• Joe Robinson

How Computers See Depth: Recent Advances in Deep Learning-Based Methods

Part 2: Image-based stereovision

Mapping stereo pair to disparities via learn function f_delta
Stereo vision with deep learning. The input is a stereo image pair (i.e., images captured from the left and right cameras); the output is a depth map wrt the left image and for all pixels visible in both photos. Hence, modern-day end-to-end solutions learn to map two RGB photos to a depth map. The objective is to use supervision to minimize the distance (or maximize the similarity) of the predicted versus the ground truth. The stereo pair (leftmost above) is the input of the deep network (middle) that transforms the images to the corresponding depth prediction (right). Note that the closer the object is closer to the camera the larger the disparity (i.e., the smaller the depth). The output is a dense disparity map displayed on the right, with warmer colors representing larger depth values (and smaller disparities). The author created visualization.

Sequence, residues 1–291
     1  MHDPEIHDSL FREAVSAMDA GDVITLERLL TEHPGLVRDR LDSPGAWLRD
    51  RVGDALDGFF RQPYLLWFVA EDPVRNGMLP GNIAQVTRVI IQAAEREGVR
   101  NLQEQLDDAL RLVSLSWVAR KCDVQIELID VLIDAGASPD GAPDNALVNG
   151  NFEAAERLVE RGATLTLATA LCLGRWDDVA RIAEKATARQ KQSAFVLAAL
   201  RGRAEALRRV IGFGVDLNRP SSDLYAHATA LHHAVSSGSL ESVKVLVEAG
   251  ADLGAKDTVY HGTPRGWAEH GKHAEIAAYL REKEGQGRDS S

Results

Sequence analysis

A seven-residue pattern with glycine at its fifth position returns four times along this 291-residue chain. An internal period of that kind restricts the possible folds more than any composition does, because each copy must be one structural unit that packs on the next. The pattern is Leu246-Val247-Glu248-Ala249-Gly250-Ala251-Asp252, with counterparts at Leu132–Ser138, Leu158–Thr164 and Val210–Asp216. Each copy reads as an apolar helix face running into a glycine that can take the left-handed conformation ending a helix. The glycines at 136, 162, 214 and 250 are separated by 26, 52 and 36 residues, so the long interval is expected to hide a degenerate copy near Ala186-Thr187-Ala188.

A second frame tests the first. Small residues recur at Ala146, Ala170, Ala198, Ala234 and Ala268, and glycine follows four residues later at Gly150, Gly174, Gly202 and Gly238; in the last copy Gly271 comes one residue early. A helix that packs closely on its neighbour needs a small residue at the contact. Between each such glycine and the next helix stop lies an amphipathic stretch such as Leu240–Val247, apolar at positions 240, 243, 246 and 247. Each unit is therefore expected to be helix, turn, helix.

Our perception of depth is an essential part of creating the 3D world around us. This knowledge has been prevalent for centuries, and one man who knew this well was Leonardo da Vinci. He used his expertise to help him create some art that would be famous across history pieces such as “The Last Supper” or “Salvatore Schizzera. Technically, an understanding of binocular traces back to 280 A.D. when Euclid realized our depth perception as humans focus on the same objects with two eyes. Still, today, stereo vision is quite an interesting problem. As I familiarize myself with the topic, the notes kept along the way are now being transformed into a series of blogs for others to reference.


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